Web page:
India in Poetry

India in Poetry

Nila in flood time and The deserted temple are poems written by Vijay Nambisan. Both poems are rather graphic in their description of India and they offer the audience an opportunity to visualize Indian nation. This is especially true because of how the poet is able to make the image of India come alive. The essay relays on Nila in flood time and The deserted temple to analyze how Nambisan portrays India in his narrations.

In Nila in flood time, the poet writes about how India looks like in July. He starts by describing the climate there. At the beginning of the poem the writer portrays India as a hot region. However, the poet goes on to describe how much the nation is affected by floods, portraying India as one large mess once the rains come. The vision of India here is slightly different from my idea since the writer chooses to portray India at a time when it is cold and raining. In The deserted temple, however, the author describes India as a hot region with very high temperatures. He specifically uses the phrase many-miraged heat and sun-cursed hill to indicate the situation of the Indian nation.

When I think of India, my first impression is always of the supposedly consistent heat. This means that the first poem is rather enlightening. My idea of this country was that it is really hot there but I had not considered the floods as a possibility. However, I also appreciate the fact that there is a lot of rice in the country. This means that there is possibly some relevant amount of rain or water in the region.

Regarding the details that stood out for me in these poems, the emphasis on the temperature is what got my attention. I have always thought of India as a very hot location with limited prospects for cold weather and rains. This means that I was pretty amused by this poet's description. Rather than simply allowing me to construct India in terms of its climate in my mind, the poet enabled me to see that despite the hot weather, India also receives some rain and this can even result in major floods. The description here allows me to see India in a different light, and at a time when it is not as hot as I had previously believed the place to always be.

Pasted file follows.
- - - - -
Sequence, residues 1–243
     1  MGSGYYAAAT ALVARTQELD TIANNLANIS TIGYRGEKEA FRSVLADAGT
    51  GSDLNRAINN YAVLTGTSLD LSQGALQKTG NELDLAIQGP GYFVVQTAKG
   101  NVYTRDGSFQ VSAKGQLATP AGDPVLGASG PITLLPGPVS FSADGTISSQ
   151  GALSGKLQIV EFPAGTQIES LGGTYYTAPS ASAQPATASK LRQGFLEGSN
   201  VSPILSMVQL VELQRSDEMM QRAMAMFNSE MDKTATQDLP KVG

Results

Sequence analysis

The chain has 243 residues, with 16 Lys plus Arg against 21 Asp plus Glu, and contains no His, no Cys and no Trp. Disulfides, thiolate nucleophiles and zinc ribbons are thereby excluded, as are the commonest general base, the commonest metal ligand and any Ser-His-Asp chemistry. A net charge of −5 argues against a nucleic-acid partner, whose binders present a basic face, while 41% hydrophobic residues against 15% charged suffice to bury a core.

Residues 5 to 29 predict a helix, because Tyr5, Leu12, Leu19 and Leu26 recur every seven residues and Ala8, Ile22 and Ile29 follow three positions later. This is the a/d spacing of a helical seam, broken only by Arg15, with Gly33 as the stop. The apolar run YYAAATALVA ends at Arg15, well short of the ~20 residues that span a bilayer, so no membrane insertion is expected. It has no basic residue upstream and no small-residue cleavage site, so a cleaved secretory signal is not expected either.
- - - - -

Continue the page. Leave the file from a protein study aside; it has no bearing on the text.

In terms of the techniques used by the writer, I would cite descriptive writing by which the poet uses the reader's senses to bring the vision alive in their minds. In this case, the poet was able to apply descriptive writing by using words like heat and sun as well as summer. All these words are associated with high temperatures and the resulting image is that of a very hot region with little relief in the river that eventually turns against people and sweeps away entire villages. It can be appreciated here that the poet is so specific in his descriptions that it may be difficult to ignore the vision of India in his writing.

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Comments

  • Thank you for sharing the nice topic with us.

  • The climate of India consists of a wide range of weather conditions across a vast geographic scale and varied topography, making generalizations difficult. Climate in South India is generally hotter and extremely humid than that of North India. South India is more humid due to nearby coasts. Southern half of the nation don't experience temperatures below 10 °C (50 °F) in winter, and the temperature usually tends to exceed 40 °C (104 °F) during summer. There are four seasons namely : Winter, Summer, Monsoon or rainy, Post-monsoon or autumn.

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